After gaining funding in a successful Kickstarter campaign back in 2015, Koji Igarashi was set to make his comeback and produce a spiritual successor to the Castlevania series. Now just over 4 years on, and after numerous delays, Bloodstained: Ritual of the Night is finally here. But best of all, it seems to have both broken the stigma around KickStarter funded video games and truly captures the spirit of the classic Castlevania titles.
Upon first jumping into the game you’ll quickly realise this feels a lot like another classic side-scroller, a game many regard as one of the best games ever made, Castlevania: Symphony of the Night. And there’s a good reason for that. Bloodstained’s writer and designer Koji Igarashi also wrote and designed Symphony of the Night. With this project being pitched as a spiritual successor to that title, Igarashi certainly had a lot of pressure and expectations to live up to.
While numerous design similarities can be drawn to Castlevania, Bloodstained has a completely original story, world and set of characters that aren’t linked to the Castlevania games in any way. In Bloodstained you play as Miriam, a young girl infused with magical crystals that attract demons. 10 years prior, Miriam along with another boy Gebel were intended to be used as sacrifices for the demons. But after falling into a coma, Miriam was unable to be used and so Gebel was put forth. Although, now 10 years on and after somehow surviving the ritual, Gebel has returned to seek revenge on the Alchemist guild, reigning down demons on 1700’s England and a mysterious demonic castle emerges. At the same time Miriam awakens from her coma and sets out to put an end to Gebel’s chaos.
In doing what he does best, Igarashi has designed Bloodstained to be a Metroid-Vania experience. The castle where the core of the game takes place is full of winding paths, secret areas and locked doors that interweave amongst each other and are eventually able to be open and explored once you have progressed to the point where you unlock the ability required to pass the obstacle and then looped back. This allows you to build a sense of familiarity within the castle and the longer you play, the more you come to know your way around, learning the fastest ways to progress through areas and feeling like a bad-ass while you do it. The design of the world is so well crafted, it can’t be an easy feat to design a world who’s stages are so unique, yet complement each other so well and are entwined amongst one another.
Upon defeating enemies there is a chance they will drop ‘shards’. As a Shardbinder, Miriam is able to absorb these shards to gain access to new skills and techniques. And there are a ton of shards to collect and try out, with each offering a new ability or upgrade to Miriam’s stats, offering things like faster attacks, increasing defence ranges, new conjurable weapons, and summon-able familiars that act as support during battle. I loved that there were so many on offer to collect, this allows you to spec out Miriam in a way that suits how you want to play but I found myself always going back to the same few abilities and familiars that I’d grown comfortable with unless I unlocked something much better.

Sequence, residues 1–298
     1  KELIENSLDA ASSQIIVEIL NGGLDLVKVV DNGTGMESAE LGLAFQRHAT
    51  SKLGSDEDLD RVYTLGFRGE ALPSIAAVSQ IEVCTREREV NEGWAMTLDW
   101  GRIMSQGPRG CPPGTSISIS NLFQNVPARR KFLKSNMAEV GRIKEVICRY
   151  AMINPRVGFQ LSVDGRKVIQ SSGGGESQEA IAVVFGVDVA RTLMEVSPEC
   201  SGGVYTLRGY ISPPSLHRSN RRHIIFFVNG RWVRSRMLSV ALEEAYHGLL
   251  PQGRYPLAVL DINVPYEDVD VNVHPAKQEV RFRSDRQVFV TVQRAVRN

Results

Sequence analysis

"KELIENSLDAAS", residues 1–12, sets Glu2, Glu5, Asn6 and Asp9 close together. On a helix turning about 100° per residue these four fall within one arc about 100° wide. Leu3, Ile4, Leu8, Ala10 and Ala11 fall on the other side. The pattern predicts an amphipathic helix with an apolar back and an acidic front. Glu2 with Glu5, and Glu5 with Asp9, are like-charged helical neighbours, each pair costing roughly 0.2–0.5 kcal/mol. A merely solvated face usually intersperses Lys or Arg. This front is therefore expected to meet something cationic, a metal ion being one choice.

As you progress you’ll also gain your fair share of loot as you open chests or find secret areas. You’re able to use this loot to craft and collect new weapons and customisations. The customisations are more than just stat bonuses though, they actually change Miriam’s character model and you can see her wielding the upgrades as you equip them. This was a nice touch and is something often overlooked in many games. In the safe hub town of Arvantville you’ll be able to meet with the alchemist Johannes who will allow you to use your items to craft, cook using ingredients, enhance your shard abilities as well as dismantle unwanted items. It’s also here that you’ll find the merchant that can change Miriam’s appearance, allowing you to purchase new hairstyles, accessories amongst other things.
The environments in Bloodstained look fantastic and they’re also incredibly varied so much so in fact that you’ll forget a lot of the time that you’re meant to be inside a castle while adventuring through. The Gothic setting of the game really shines through in the enemy designs as well as the overall aesthetic of the castle, especially when traversing it’s fire and moon-lit corridors.
The characters in Bloodstained are fully voice acted and the story’s script is presented well. I liked the visual novel delivery style as I’m a big fan of that genre, especially when they include a solid voice cast to back up the narrative. In Bloodstained you have the option to switch between the English or Japanese language tracks, and while I played through the whole game in English only, it’s a nice option to have, especially knowing how many players like to listen to the original language in games by Japanese developers.
With plenty of weapons to find, powers to unlock and secrets to uncover Bloodstained will keep you adventuring through the castle for quite a while. If you’re into the Metroid-Vania genre you should definitely check it out. Igarashi has delivered a solid spiritual successor to his classic Castlevania titles but has also given Bloodstained it’s own two feet to stand on. I’d love to see where he decides to take this series next.
A PS4 review code was supplied by the distributor for the purpose of this review.
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